USPTO Calls Apple's "Rubber Banding" Patent Invalid
Samsung has informed Judge Koh that the United States Patent and Trademark Office has deemed Apple's "rubber-banding" patent invalid in a non-final Office action.
The United States Patent and Trademark Office has reportedly declared all twenty claims in Apple's "rubber-banding" patent invalid in a non-final Office action. This patent was one of several used in Apple's California patent infringement lawsuit against Samsung over the summer.
The South Korean company informed Judge Koh about the invalidation in a filing late Monday night.
It's currently unknown as to who requested the re-examination of the patent, and the identity wasn't disclosed when the request was submitted during the spring. Samsung is, naturally, at the top of the suspect list, followed by HTC, which is also under attack by Apple based on the same patent. Google also has an interest given that the lawsuits center around its mobile operating system, Android.
The patent in question, "List scrolling and document translation, scaling, and rotation on a touch-screen display," describes what happens when iOS users reach the end of a scrolling list or pane, among other things. Users see the screen somewhat "bounce" as if its connected to the device with rubber bands.
However, Apple isn't the only device maker to use this animation -- Samsung's TouchWiz interface is just one other that uses it. But Samsung removed the bounce animation anyway, replacing the elasticity with a "blue glow," which flares up when the user reaches the end – similar to what Google did in Android 2.3 "Gingerbread" (though it was more a pumpkin color). But the workaround couldn't be submitted as evidence to the jury due to sanctions for litigation misconduct, thus Samsung was made liable for damages.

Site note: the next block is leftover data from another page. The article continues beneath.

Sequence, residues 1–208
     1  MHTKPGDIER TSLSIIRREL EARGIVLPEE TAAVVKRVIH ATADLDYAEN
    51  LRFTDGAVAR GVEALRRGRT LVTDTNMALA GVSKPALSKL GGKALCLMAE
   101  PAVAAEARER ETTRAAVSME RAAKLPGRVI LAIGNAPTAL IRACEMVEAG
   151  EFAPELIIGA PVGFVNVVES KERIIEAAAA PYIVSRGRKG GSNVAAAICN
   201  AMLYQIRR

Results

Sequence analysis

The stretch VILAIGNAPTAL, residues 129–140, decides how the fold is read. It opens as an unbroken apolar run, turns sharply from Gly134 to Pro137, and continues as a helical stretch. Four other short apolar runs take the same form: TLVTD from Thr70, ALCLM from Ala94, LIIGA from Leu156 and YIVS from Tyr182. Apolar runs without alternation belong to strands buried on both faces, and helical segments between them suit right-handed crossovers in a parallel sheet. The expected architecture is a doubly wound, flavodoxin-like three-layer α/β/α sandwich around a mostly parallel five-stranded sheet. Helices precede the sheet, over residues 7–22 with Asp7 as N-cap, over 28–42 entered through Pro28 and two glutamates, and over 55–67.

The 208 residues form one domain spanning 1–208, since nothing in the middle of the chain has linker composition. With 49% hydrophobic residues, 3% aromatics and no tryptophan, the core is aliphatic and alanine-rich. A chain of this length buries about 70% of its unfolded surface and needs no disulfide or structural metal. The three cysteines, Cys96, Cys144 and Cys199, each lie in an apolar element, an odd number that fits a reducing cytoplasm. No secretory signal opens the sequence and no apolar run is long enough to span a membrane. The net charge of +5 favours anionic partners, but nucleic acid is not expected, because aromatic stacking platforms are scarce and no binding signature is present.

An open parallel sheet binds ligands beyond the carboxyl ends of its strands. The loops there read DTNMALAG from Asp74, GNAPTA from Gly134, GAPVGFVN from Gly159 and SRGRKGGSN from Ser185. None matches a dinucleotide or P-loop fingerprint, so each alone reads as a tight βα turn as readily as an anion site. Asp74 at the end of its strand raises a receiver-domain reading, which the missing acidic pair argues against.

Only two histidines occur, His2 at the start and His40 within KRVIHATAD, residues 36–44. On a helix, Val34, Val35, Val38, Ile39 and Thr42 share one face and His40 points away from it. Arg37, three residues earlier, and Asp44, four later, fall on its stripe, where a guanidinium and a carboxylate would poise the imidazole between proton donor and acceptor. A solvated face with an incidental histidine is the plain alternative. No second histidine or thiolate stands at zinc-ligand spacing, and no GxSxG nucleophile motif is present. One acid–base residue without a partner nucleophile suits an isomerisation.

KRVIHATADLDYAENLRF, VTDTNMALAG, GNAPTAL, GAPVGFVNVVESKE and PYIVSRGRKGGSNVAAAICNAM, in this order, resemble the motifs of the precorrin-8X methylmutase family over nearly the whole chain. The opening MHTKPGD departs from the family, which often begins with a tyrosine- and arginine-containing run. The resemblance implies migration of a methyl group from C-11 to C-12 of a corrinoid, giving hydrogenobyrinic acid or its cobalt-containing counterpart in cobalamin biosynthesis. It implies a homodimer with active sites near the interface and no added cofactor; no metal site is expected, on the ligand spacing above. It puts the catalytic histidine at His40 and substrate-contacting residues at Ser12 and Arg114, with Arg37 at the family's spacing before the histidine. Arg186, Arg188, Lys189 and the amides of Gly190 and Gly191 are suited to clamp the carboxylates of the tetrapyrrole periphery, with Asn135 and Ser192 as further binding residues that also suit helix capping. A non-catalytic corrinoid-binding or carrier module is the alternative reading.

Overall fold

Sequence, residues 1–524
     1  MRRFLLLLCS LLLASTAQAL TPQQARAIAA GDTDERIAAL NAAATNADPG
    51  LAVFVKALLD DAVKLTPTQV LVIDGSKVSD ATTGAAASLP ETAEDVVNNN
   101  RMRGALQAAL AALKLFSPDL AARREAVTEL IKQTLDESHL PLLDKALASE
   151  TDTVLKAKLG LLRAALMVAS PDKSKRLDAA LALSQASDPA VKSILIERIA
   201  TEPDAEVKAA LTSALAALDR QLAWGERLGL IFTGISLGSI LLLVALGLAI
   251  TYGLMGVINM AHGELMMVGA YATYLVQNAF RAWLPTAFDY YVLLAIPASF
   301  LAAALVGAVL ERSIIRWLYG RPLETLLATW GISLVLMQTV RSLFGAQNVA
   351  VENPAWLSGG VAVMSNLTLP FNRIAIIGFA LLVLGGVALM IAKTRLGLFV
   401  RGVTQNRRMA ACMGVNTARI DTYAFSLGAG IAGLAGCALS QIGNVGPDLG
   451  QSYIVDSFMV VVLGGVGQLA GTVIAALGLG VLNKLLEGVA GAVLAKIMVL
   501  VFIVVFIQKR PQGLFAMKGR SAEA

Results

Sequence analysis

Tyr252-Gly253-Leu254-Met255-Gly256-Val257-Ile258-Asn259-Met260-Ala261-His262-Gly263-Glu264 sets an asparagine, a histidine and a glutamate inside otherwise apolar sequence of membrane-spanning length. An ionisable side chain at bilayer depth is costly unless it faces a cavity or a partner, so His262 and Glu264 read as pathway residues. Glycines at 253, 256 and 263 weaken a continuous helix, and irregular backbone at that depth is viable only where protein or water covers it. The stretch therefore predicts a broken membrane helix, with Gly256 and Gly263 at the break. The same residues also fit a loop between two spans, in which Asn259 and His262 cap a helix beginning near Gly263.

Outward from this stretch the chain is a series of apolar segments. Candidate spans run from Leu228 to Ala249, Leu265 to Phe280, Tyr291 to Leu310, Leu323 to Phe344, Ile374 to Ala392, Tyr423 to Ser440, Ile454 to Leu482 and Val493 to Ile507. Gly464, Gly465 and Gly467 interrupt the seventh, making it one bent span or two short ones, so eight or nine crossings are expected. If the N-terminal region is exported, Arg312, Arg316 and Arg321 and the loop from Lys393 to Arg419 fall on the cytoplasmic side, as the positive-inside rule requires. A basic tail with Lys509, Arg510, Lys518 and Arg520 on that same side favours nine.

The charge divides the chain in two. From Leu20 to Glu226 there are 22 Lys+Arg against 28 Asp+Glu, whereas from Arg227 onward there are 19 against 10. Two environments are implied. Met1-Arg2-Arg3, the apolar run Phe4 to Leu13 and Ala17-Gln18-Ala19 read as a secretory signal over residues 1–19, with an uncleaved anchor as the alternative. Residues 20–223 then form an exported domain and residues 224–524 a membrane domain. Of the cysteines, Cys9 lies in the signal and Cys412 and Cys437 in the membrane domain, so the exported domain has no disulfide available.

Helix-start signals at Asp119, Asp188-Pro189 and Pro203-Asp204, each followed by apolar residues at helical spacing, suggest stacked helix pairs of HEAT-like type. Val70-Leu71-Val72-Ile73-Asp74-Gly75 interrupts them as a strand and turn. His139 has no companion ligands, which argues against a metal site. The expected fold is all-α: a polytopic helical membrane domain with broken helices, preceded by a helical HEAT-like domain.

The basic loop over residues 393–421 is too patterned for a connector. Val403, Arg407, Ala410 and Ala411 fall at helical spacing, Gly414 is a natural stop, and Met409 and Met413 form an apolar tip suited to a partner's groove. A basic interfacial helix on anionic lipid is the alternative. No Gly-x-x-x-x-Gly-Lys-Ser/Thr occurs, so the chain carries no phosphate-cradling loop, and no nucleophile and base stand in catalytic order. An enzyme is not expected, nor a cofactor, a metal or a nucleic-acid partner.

As it stands now, the patent in question hasn't been fully deemed as invalid by the USPTO – the new declaration is merely a "first-glance verdict" sparked by the re-examination request.
"Apple's rubber-banding (overscroll-bounce) patent is still going to go through a lengthy process before it may or may not be invalidated," said IP analyst Florian Mueller. "There can be more than one non-final Office action. Even a 'final Office action' is not final at all."
Mueller points out that Apple has many patents in play against Android, and it doesn't matter if one or several patents are rendered invalid – the company just needs enough to ensure product differentiation. However, this particular patent is a signature element of iOS, and Apple is expected to appeal against the USPTO decision at all costs.
Meanwhile, as Mueller stated, the patent itself will go through a lengthy process to determine if its truly invalid or not.
"It can be reconsidered by the Central Reexamination Division itself, and the last decision by that division can be appealed to the Board of Patent Appeals and Interferences (BPAI), which is like an USPTO-internal appeals court," he said. "Remands by the BPAI to the Central Reexamination Division cause further delay."
Once the USPTO is done with it, the decision can be appealed to the United States Court of Appeals for the Federal Circuit. What's more, a Federal Circuit decision can be appealed to the Supreme Court which really doesn't deal will many patent validity cases.